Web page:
High Coniscliffe C.E. Primary School



About us













Our school playground

High Coniscliffe C.E. Primary School is a small school for children aged
4 - 11 years, situated in the village of High Coniscliffe, near Darlington in the north-east of England.

The school is a Church of England Controlled School and is both conscious and proud of its Anglican foundation.

The view from our playing field

The school opened in 1963 and at first catered for about 40 children. It has grown and changed since then, and now over 100 children attend the school.

We are very proud of our rural setting as you see from these photographs taken around school.

Snow-man competition on the school playing field.

Our school motto is

'I can, if I try'

We have a positive attitude towards challenges and opportunities at our school, and our children thrive in all areas because of this ethos.

We are very proud of the children in our school who,
in turn, are very proud of their school!

Our Mission Statement
At High Coniscliffe CE Primary School we promote a Christian ethos through the commandments Jesus taught: to love God and to love one another. We strive to promote Christian values of friendship, thankfulness, justice, hope and endurance.

We celebrate that there is something wonderful and unique in every person and encourage in children a sense of awe and wonder about the world.

We encourage high aspirations and self worth by motivating, nurturing and valuing every individual, striving to prepare them for life’s opportunities and challenges. This is why ‘I can if I try’ is our school motto.

We may be a small school but we are a great big family taking an active role in our local community and the wider world.

A Little of our local history

The National School at High Coniscliffe was founded in 1848. It seated 87 pupils.

The British School at Low Coniscliffe was built in 1877 on the orders of Mr Arthur Pease (of Darlington). It seated 105 pupils.

In 1801 High Coniscliffe had 220 inhabitants.

On May 29th 1583 Richard Thirkeld (from High Coniscliffe) was executed at York for high treason, because he was a Catholic missionary priest during a Protestant reign. The same fate occurred to Christopher Bayles, for the same reasons, on March 4th 1590. On January 31st 1602 a newborn baby boy was found on a window ledge of Cuthbert Smith's house in Nether Cunsley (Low Coniscliffe). He had been abandoned. The baby was christened Tychicus, but was never given any surname. He was looked after, and lived until December 21st 1671 (69 years). In 1734 Robert Bowes of Thornton Hall gave a house and 6 acres of land to the Churchwardens of High Coniscliffe. This was rented to villagers, and the money was distributed to the poor and needy of High Coniscliffe at Christmas and Midsummer.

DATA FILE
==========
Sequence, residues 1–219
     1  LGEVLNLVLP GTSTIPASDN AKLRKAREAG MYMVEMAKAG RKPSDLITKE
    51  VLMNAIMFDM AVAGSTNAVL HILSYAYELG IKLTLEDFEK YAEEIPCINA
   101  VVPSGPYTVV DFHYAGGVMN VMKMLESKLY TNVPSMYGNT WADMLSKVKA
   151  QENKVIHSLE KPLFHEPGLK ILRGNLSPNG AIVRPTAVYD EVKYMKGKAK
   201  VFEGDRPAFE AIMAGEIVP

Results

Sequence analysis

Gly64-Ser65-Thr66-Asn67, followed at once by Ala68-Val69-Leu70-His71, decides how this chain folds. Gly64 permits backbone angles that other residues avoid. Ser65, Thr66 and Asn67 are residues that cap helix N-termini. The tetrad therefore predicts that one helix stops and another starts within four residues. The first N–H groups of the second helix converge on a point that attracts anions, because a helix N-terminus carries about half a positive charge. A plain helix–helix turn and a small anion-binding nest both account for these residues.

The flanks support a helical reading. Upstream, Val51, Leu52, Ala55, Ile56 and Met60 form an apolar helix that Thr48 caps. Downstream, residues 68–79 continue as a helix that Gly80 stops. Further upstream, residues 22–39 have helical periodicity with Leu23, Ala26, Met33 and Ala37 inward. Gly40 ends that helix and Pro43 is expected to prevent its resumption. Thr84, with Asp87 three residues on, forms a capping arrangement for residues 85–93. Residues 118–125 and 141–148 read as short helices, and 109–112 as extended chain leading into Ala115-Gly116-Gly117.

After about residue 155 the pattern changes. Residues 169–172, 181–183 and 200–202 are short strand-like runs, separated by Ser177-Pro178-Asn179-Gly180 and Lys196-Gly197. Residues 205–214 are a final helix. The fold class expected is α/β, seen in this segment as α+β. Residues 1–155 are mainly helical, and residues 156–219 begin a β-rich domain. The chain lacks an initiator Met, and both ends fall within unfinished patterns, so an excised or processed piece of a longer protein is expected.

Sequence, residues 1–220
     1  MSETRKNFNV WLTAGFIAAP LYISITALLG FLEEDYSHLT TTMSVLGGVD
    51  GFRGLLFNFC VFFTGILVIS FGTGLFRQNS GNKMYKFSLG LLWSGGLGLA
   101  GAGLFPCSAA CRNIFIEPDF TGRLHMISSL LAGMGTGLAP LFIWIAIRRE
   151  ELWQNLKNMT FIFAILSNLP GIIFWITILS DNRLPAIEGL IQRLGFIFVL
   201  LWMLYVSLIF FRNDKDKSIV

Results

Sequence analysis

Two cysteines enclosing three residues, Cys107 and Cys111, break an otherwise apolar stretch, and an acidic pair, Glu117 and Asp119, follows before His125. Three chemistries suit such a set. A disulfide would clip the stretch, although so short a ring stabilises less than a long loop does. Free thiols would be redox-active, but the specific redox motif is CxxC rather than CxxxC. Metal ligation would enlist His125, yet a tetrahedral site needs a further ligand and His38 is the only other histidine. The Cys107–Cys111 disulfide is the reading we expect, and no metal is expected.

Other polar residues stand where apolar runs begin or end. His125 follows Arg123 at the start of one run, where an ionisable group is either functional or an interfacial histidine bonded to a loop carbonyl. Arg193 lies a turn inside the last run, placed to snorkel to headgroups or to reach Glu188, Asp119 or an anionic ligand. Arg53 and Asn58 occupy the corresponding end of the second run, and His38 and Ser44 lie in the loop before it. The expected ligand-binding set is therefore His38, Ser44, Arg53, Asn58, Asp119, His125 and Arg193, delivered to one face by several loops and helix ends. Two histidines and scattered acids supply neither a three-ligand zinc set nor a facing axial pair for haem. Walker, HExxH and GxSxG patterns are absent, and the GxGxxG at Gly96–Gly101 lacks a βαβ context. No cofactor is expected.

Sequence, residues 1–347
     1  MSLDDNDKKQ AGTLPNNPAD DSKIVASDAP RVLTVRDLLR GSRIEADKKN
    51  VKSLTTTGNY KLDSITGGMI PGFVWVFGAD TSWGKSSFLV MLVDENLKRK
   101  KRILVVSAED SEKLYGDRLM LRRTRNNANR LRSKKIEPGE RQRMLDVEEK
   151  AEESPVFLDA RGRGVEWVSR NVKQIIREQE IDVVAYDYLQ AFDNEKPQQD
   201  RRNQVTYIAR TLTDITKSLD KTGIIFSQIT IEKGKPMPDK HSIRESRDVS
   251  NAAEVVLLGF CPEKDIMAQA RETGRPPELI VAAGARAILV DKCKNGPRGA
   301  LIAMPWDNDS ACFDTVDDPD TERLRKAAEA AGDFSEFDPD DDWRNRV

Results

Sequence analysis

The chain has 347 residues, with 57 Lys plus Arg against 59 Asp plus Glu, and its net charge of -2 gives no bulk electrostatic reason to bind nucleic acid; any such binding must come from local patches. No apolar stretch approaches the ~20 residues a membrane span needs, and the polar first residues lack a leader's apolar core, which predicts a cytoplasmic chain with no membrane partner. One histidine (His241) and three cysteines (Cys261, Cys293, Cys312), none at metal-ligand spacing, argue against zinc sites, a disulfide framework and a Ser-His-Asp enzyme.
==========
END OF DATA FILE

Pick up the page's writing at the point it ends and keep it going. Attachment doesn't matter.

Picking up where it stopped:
A General Store / Post Office once stood opposite the Methodist Chapel at the top of Ulnaby Lane. It was demolished and the land is now used as the Duke of Wellington car park. The village Post Office once stood near the old Golf Club, and once was the village's hackney carriage station. A stone Elizabethan sundial was discovered in its garden. 1n 1827 a Methodist Chapel was built at the corner of Ulnaby Lane and the main road. It was demolished after the Second World War.
On June 28th 1848 a man called Dickenson, who was paralysed down one side of his body, dragged himself 40 miles from South Shields to High Coniscliffe. He had been born in High Coniscliffe. He had heard of a a strange cure for paralysis and was going to try it. He met a man digging in the riverbank. Dickenson paid the man to bury him up to his neck with soil to a depth of 2 feet, for 4 hours. After 15 minutes he began to perspire profusely, and suffered violent pain in his paralysed knee, spreading to his thigh, hip and back. After 3 3/4 hours of pain, he was uncovered. He stood up and walked away, very much improved. The main part of the Old Vicarage was built 150 years ago, but some parts are much older. A well was discovered in the grounds, and armorial bearings are carved on the west wall. There may have been secret passages.